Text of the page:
Another item discussed was the comparatively low death toll for Maria when viewed in the context of other disasters. Dr. Barbee cautions that these numbers are likely to climb in the coming weeks as more deaths are reported and lack of power, water, and medicine takes its toll. “The first priority after a disaster should be getting everyone out [of unsafe situations] and getting them what they need,” but the collapse of all communication systems across the island has made it difficult for rescue workers to identify the communities most heavily impacted and the residents most in need of help. The professor noted that it’ll be a long time before everything gets back to normal, but once the immediate danger has passed, Puerto Rico needs serious help “to rebuild infrastructure in a way that will prevent a disaster on this scale again.”

Regardless of what ends up being the priority, it’s undeniable that – like Texas and Florida – Puerto Rico will need help getting back on its feet. If you’d like to help, consider donating to a disaster-relief charity such as “Save the Children.”

-by Jacob Newton

 

-Congrats to Dr. Robert Schneider on his forthcoming book (to be published in early 2018).

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FACULTY RECEIVE GRANT TO STUDY CHRISTIAN ZIONISM

Motti Inbari portraitKirill Bumin portrait

-September 2017:  Motti Inbari (Philosophy & Religion) and Kirill Bumin (Political Science & Public Administration), have received a $4000 Micro-Grant for the study of Christian Zionism from the Academic Engagement Network. The grant will support a student research assistant, supplies, travel to and board at conservative evangelical conferences in the United States. The conferences include an annual meeting of Christians United for Israel (CUFI), a visit to Liberty University, and possibly travel to the Southern Baptist Convention Annual Meeting in June-July 2018.

Evangelical Christianity is the largest of all religious movements in the United States. It is also known as a movement that is highly engaged in American politics, mostly identified with the Republican Party. Exit polls have shown that in the 2016 election, about 80% of all Evangelicals voted for Trump.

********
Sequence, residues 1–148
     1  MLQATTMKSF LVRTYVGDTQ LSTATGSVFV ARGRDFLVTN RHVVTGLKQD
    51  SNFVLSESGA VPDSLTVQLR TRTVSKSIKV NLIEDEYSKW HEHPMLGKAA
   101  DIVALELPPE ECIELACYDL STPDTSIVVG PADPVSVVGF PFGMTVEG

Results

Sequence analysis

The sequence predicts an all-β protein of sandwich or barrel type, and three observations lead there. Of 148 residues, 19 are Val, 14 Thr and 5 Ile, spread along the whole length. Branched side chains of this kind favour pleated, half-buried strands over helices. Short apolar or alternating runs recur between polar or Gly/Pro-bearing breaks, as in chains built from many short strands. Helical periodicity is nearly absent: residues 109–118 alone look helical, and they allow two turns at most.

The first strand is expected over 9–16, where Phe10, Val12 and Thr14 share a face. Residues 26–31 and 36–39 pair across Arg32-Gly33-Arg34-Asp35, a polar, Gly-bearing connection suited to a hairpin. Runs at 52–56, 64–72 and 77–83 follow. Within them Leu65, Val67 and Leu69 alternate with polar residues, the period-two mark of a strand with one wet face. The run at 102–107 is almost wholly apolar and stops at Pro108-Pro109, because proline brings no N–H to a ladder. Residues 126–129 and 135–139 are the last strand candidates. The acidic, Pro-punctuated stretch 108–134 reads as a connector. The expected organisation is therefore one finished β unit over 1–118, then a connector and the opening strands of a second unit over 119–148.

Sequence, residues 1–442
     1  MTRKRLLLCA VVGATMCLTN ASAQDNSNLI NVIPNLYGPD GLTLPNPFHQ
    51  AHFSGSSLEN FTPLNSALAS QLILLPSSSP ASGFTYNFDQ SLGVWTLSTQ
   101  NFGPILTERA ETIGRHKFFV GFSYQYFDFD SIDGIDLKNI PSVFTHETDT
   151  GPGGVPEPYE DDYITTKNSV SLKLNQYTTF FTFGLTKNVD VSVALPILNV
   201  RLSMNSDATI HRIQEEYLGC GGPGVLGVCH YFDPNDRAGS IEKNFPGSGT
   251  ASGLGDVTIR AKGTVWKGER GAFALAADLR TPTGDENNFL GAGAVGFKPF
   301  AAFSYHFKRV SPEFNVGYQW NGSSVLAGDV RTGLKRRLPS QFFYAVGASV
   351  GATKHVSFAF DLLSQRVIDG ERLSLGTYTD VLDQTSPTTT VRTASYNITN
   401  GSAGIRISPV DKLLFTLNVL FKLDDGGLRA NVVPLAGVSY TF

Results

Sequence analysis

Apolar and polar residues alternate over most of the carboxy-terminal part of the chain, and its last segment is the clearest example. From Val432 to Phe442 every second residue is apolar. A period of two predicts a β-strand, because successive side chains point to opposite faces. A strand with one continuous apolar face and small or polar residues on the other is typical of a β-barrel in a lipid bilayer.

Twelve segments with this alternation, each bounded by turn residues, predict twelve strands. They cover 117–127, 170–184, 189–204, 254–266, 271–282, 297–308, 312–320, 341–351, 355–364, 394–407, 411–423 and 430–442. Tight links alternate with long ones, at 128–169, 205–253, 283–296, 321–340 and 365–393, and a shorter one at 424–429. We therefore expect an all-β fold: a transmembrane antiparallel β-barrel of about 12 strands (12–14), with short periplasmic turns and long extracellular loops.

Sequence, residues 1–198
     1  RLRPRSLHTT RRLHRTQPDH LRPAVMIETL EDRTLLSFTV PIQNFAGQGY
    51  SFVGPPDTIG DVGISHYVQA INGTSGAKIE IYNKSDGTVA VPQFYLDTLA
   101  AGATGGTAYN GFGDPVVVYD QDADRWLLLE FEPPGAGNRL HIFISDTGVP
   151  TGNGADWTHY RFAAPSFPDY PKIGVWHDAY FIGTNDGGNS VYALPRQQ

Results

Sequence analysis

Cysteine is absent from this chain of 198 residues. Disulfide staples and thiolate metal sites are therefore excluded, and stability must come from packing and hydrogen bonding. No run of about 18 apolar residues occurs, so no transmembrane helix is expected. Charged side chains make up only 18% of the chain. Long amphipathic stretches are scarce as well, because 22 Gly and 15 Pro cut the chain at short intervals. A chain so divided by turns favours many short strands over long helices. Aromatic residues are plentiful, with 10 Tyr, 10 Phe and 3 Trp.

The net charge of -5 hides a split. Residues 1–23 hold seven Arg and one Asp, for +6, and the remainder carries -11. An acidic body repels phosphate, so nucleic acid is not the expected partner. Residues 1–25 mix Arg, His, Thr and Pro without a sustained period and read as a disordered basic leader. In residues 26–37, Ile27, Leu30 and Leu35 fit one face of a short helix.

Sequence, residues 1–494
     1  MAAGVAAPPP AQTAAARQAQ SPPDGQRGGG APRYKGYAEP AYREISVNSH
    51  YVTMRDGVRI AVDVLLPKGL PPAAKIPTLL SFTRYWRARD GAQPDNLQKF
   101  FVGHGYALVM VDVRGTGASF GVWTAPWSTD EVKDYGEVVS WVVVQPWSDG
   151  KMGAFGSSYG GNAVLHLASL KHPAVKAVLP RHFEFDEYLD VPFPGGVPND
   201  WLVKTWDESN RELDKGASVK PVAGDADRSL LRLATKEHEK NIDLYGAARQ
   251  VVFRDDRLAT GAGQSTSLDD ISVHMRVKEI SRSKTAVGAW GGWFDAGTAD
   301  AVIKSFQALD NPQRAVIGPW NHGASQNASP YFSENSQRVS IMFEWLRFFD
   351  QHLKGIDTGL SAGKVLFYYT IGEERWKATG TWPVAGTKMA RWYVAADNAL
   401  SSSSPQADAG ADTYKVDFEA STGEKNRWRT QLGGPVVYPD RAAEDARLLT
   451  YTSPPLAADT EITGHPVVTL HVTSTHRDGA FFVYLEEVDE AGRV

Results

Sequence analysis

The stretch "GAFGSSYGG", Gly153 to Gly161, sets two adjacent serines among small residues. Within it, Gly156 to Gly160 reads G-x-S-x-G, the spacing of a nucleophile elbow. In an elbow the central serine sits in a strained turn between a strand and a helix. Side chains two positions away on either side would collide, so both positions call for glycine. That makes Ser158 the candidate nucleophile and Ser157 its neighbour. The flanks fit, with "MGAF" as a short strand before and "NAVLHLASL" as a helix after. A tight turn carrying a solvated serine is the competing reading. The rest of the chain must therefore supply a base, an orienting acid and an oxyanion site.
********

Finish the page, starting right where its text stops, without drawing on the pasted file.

Conservative Evangelists are also known for their strong support for Israel. In this research the goal is to gain a better understanding of this support by conducting surveys and focus groups. This research is intended to build knowledge about evangelical Christians/Christian Zionists and their views on a range of matters such as on Israel, the Arab-Israeli conflict, the Temple Mount, settlements, and Jews in general.  We believe that the results of the research can provide very helpful data in thinking about anti-Semitism in America, and especially in the South.

Congratulations Dr. Bumin!

 

-We are excited to announce that we have two professors currently under contract for writing books!  Dr. Robert Schneider is currently working on his third book, due out early next year, which is on climate change politics. Dr. Joe West has just signed a contract for his first book, which is on communication across state legislators. Congratulations to both Dr. West and Dr. Schneider.

 

 

College of Arts and Sciences Academic Awards Day, April 5, 2017

 

 
College of Arts and Sciences Academic Awards Day, April 5, 2017- Outstanding Political Science Senior Award.....Nicholas Debo pictured with Political Science Department Chair, Dr. Emily Neff-Sharum

 

 

 
College of Arts and Sciences Academic Awards Day, April 5, 2017- Walter L. Weisberg Memorial Scholarship in Political Science.......Dajer Fernandez pictured with Poltical Science Department Chair, Dr. Emily Neff-Sharum

 

Dr. Freeman and Dr. Bumin preparing for Model United Nations confrence. 

 

Dr. Freeman with Political Science students in Tokyo

 

 

NEW BOOK: UNCP professor, Dr. Robert Schneider, would redefine emergency management  (http://www2.uncp.edu/news/2013/robert_schneider.htm)